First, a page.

A view of the registration desk, awards ceremony seating area, and the table way at the back overflowing with raffle prizes.
The tables were well marked with their respective categories. I got my entries set up and then started to wander around to look at what everyone else had brought. The entries were divided into four rows of tables of overall categories, with various subcategories within those. The main categories were Aircraft, Armour, Automotive, and Miscellaneous. Subcategories might be based on scale, time period, or other factors, with all including a Junior subcategory for younger modellers. Entries with figures as the main subject all fell into Miscellaneous subcategories, including specific categories for science fiction/fantasy figures.
As you can see, the tables are raised up slightly, which makes it very easy to get a good look at the entries for most viewers. I believe this is the judging team conferring over one of the award decisions.
There was also a table for entries to the special show theme category. This year’s show theme was Wild and Dangerous Creatures, and I enjoyed the diversity of the interpretation of the theme. Entries included Godzilla (the eventual winner), Rommel, a pair of War Toon tanks, and an Arab fighter on a camel. There was also an area where the Knoxville Scale Modelers Association members could display their work outside of the contest entry area, and there was some very nice work on display.
This Godzilla was the winner of the Wild and Dangerous special show theme category. There was another Godzilla entered in the SF/Fantasy figure subcategory.
The selection of figures as an overall portion of the show was low compared to vehicles and armour and such, but there were definitely figures there. And some very interesting ones, like a life-size furry werewolf head! The KSMA member area included a small display of busts, and a nice display of historical figures. I spent some time talking with the painter of the figures, David. I found that people in general were quite appreciative and complimentary of my work, and welcoming and friendly.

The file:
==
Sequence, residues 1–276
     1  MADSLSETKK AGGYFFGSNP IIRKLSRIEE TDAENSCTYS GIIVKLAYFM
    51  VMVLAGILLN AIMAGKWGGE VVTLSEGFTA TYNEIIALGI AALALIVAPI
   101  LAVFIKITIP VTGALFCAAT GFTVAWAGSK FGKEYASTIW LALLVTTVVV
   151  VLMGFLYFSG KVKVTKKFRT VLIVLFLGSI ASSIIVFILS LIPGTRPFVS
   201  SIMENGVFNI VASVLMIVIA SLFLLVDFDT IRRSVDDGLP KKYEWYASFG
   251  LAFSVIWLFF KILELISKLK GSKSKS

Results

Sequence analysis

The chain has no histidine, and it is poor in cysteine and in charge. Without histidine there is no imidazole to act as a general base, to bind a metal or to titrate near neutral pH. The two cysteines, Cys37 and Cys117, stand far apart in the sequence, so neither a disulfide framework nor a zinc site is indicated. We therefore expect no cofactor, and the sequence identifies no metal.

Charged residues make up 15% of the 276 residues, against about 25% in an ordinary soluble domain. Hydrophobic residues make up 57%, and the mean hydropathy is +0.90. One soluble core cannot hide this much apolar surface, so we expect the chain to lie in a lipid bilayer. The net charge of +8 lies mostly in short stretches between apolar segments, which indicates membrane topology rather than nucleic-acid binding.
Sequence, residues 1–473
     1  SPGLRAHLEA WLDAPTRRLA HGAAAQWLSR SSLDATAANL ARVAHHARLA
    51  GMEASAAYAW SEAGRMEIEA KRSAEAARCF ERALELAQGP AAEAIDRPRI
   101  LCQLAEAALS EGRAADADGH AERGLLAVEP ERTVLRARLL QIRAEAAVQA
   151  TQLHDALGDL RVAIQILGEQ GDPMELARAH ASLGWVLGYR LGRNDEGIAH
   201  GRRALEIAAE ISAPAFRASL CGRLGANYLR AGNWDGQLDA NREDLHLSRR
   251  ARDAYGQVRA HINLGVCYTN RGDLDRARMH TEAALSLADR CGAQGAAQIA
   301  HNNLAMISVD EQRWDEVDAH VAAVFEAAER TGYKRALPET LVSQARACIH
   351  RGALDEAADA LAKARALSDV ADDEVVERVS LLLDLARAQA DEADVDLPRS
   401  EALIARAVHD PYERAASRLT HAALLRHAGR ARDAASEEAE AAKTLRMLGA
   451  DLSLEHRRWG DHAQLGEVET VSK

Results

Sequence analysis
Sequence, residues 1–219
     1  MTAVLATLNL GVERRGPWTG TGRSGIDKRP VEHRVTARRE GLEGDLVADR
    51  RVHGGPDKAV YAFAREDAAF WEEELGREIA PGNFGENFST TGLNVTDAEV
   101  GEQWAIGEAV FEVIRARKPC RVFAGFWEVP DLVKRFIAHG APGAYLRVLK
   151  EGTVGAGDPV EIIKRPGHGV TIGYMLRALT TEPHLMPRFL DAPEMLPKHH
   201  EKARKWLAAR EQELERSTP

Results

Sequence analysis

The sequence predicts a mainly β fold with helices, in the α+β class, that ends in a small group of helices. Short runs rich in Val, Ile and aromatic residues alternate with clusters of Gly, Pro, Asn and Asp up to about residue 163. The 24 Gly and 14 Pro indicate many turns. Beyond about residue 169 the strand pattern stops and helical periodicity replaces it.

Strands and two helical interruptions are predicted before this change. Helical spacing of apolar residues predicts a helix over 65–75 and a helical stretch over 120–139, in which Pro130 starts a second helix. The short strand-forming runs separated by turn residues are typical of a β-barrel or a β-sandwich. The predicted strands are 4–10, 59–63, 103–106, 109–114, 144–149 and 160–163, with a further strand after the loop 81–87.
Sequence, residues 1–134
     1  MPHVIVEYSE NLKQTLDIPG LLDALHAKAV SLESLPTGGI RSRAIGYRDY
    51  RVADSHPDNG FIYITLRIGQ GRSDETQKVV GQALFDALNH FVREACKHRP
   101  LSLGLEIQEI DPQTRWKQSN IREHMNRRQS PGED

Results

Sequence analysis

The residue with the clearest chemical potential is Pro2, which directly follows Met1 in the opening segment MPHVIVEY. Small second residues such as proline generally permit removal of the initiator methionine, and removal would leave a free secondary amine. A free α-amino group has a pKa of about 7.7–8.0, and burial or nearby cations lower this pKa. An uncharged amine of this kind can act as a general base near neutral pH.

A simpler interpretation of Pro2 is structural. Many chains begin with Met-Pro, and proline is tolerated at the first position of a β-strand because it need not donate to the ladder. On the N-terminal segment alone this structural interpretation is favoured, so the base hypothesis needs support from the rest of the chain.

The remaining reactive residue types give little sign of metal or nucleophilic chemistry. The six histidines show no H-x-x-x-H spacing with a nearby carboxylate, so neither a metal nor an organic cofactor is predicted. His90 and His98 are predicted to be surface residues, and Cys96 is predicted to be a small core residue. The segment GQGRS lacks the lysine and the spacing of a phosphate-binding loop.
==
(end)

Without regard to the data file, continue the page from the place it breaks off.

This enormous entry was very popular with viewers.
David’s figure display on the Knoxville Scale Modeller Association club table.
I enjoyed looking at the entries in the other categories, as well. I know I lack the historical and modelling knowledge to have fully appreciated them, but I enjoyed what I did understand. The vehicles were especially fun. Other shows I’ve attended have featured armour, aircraft, and nautical vessels, but I haven’t seen a lot of automotive vehicles elsewhere. Modellers use some terrific looking paints and finishes on those cars. There were also some fun examples of weathered old junkers with lots of little Easter egg tidbits to look for in and around the vehicle. There were two very fun automotive dioramas, as well. One was a recreation of a classic 50s ice cream stand. The other was commentary on the features and bugs of Ford vehicles.
So many little details to enjoy on this old truck, as well as the weathering.
There was a small vendor area that I only perused briefly, and that did seem to be completely focused on model kits. I imagine there is a bit of variation in the vendors that attend in different regions and countries, however. The club also ran a raffle for a table full of prizes.
This ice cream stand diorama won in its subcategory at the Smoky Mountain Model Con 2019.
This Ford diorama was also a very fun entry in the automotive diorama subcategory.
When it came time for the awards ceremony, I was very honoured by the recognition my work received. I was awarded first place in each of the three subcategories I entered, overall Best of Miscellaneous category, and Best of Show! I had not expected anything like that when I decided to go to the show. But even had I not won anything at all, it still would have been very worthwhile for me to attend as an opportunity to meet local enthusiasts of my hobby.
This was one of my favourite entries in the show. Those of us with a hobby and a spouse/partner have all been there, I imagine! The subtitle reads “You are not bringing anymore model kits into this house.”